Yesterday, while driving my 9-year-old son home from a baseball game, he asked me why the ambulance in front of us had a sign with a snake-on-stick (the “Star of Life“). Coincidentally (or was it God’s Will?), I had just begun penning the previous day’s post on “Bible Literacy” and I was delighted to tell him. And here is the story for you (albeit a little more textured):
Well, son, one way to understand the snake is to hear a story from the Hebrew Bible written thousands of years ago. The snake comes from one of its stories. The snake symbol may also come from a Greek god stories, but let’s start with the Hebrew god story first.
Nehushtan: The Hebrew God Story
In the book of Numbers, right after Yahweh helps Israel obliterate the Canaanites, Yahweh punishes the Jews themselves by sending fiery serpents to bite and kill them just because they were griping about their food on their trip. But Moses pleas on the Jews’ behalf and Yahweh gives in, but instead of just making the snakes disappear, he has Moses build a bronze serpent on a shaft that cures those who were bit if they just look at the snake. [BTW, in Jeremiah 8:17, Jahweh again threatens people with snakes but says, “this time, no charm ! “].
3 The LORD heard the voice of Israel and delivered up the Canaanites; then they utterly destroyed them and their cities. Thus the name of the place was called Hormah. 4 Then they set out from Mount Hor by the way of the Red Sea, to go around the land of Edom; and the people became impatient because of the journey. 5 The people spoke against God and Moses, “(E)Why have you brought us up out of Egypt to die in the wilderness? For there is no food and no water, and we loathe this miserable food.” 6 The LORD sent fiery serpents among the people and they bit the people, so that many people of Israel died. 7 So the people came to Moses and said, “We have sinned, because we have spoken against the LORD and you; intercede with the LORD, that He may remove the serpents from us.” And Moses interceded for the people. 8 Then the LORD said to Moses, “Make a fiery serpent, and set it on a standard; and it shall come about, that everyone who is bitten, when he looks at it, he will live.” 9 And Moses made a bronze serpent and set it on the standard; and it came about, that if a serpent bit any man, when he looked to the bronze serpent, he lived.
— Numbers 21: 3-9 (NASB)Oh yes, the actual name of the snake-staff, Nehushtan, come from another Bible story in 2 Kings 18:4 where a Jewish puppet King destroys the shaft because the Jews are now worshiping it.
But the snake on a stick has been a cultural symbol for a long time both before and after the time of Moses.
Rod of Asclepius: The Greek God Story
The Greek god Asclepius was he son of Apollo and a practitioner of medicine. The Asclepian cult used the symbol to symbolize healing. You can read this wiki article for all the details.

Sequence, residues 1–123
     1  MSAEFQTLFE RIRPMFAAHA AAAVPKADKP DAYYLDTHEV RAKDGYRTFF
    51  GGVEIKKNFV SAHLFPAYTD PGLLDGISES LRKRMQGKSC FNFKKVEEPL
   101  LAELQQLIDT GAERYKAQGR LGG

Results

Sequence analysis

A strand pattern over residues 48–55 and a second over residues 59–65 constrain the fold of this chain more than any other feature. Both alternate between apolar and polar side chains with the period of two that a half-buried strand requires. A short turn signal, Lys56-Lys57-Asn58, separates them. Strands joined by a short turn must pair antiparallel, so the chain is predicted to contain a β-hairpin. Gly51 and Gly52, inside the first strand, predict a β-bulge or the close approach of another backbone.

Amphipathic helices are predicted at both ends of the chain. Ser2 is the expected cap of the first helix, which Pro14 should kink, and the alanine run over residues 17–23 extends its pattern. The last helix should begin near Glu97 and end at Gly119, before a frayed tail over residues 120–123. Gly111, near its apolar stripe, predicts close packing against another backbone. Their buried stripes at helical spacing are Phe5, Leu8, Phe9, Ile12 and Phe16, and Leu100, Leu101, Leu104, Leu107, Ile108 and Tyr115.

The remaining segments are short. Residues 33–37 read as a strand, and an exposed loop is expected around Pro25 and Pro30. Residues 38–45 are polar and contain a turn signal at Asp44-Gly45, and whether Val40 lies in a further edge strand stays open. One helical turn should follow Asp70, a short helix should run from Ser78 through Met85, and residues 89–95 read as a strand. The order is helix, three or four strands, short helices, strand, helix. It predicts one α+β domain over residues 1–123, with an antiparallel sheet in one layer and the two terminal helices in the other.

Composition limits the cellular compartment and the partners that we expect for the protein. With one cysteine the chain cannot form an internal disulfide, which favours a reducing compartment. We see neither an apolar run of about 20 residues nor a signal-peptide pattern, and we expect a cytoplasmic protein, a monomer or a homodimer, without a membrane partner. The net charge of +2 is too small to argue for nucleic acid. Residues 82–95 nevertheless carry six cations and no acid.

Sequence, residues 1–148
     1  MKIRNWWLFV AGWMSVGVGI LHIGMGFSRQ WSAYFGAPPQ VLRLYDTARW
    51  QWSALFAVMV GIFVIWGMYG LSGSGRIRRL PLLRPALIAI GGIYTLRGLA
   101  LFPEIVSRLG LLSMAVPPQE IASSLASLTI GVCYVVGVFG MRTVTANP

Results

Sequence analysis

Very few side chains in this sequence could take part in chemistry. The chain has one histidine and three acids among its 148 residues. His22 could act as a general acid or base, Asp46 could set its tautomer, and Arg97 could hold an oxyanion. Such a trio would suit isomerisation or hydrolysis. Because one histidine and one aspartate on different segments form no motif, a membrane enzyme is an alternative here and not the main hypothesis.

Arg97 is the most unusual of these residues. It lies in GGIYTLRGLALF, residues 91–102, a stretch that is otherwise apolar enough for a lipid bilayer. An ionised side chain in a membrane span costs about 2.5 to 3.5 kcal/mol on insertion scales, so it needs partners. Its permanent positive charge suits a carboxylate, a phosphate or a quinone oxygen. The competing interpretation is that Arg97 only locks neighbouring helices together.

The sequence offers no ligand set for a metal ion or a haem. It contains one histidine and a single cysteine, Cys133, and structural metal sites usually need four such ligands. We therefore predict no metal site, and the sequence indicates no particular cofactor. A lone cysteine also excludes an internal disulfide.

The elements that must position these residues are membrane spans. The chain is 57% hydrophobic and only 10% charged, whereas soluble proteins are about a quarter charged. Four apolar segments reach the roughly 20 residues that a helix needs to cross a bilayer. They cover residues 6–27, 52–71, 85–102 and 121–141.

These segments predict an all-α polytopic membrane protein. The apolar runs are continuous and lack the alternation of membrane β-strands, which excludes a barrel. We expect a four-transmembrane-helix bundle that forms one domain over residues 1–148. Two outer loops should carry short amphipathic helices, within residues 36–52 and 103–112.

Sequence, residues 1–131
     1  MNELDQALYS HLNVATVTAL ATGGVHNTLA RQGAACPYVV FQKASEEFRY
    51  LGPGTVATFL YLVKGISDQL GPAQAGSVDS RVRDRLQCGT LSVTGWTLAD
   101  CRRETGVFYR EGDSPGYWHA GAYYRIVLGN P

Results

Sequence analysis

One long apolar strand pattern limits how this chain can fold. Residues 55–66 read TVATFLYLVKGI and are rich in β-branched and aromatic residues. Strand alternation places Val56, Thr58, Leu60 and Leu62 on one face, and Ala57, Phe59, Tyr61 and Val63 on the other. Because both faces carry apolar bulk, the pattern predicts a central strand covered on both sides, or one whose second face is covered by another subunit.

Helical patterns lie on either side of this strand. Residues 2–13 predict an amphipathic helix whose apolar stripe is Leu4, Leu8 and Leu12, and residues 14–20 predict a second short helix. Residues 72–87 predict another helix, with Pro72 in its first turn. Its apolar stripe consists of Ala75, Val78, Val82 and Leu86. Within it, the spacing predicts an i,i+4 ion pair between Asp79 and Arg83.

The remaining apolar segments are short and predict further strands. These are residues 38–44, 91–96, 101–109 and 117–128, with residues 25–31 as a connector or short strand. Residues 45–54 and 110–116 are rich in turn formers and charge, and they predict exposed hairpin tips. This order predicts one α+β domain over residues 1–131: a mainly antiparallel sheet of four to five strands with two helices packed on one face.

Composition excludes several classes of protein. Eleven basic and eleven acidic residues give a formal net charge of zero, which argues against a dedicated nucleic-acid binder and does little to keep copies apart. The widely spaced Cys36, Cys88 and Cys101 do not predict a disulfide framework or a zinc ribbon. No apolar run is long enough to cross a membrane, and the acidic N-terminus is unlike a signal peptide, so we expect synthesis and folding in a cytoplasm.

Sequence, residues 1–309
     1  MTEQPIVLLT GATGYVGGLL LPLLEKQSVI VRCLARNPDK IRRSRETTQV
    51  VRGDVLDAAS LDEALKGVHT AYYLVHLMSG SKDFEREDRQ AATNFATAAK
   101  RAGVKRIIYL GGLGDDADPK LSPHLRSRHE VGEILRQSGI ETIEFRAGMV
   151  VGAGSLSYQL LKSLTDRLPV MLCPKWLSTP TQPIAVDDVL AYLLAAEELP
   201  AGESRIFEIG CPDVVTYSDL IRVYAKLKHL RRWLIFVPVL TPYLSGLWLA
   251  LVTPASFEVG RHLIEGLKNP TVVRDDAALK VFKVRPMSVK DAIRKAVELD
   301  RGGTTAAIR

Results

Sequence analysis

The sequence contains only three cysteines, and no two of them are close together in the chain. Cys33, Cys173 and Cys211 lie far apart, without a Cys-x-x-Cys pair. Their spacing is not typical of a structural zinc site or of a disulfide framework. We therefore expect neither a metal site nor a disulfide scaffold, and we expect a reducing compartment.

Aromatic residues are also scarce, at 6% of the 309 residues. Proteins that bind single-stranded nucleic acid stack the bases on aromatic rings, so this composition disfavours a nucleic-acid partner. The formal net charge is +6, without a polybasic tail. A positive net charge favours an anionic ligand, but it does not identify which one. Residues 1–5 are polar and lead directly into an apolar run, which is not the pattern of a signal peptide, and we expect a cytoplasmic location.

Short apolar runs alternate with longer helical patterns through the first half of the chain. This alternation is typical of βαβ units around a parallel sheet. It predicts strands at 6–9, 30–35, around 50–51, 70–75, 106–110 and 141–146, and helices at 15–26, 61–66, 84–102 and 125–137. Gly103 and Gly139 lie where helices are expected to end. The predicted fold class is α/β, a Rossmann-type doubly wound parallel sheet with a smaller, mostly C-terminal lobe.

Caduceus: Another Greek God Story
To make matters more confusing, Iris, the messenger of Hera (wife and sister of Zeus), carried a shaft with two snakes and wings. As the myths evolved, Hermes (the messengers of the gods) carried the shaft. Hermes (Roman god, Mercury) was the guide of the dead and protector of merchants, shepherds, gamblers, liars and thieves — nothing to do with medicine. But because it was a shaft with snakes, in North America it got confused with The Rod of Asclepius, and became yet another medical symbol.
Actually, the main reason this symbol probably persists in the Christian West is due to the sanctification that the author of John in the NT gave to it, needing always to make Jesus predicting his sacrificial death and to tie his life to OT themes, by making Jesus say:
14“As Moses lifted up the serpent in the wilderness, even so must the Son of Man be lifted up; 15so that whoever believes will in Him have eternal life.
— John 3:14-15 (NASB)
Western culture is permeated with Bible symbols and Greek symbols and we may never know the exact origins of this symbol, and it is possible they both share the same common source.
17 responses to “Ambulance Snake: Bible Literacy”
This post was great! I too have wondered what this symbol means. By the way sending me to all those sites I happened to like this definition the best:
Very simple, sweet and to the point, the next page actually describes where they got the symbol from. Truly fascinating. Thanks!
Always nice to read another’s take on stuff like this.
But is it a co-incident that the same symbol was on Babylonia Nimrod’s crown and is found again on the Roman’s Pope’s crown? As it appears on our ermegency system, dont be fooled, this snake represnts Chitauri/serpeants/reptalia/freemason/illuminati/lucifer who control our social system, prison system and money!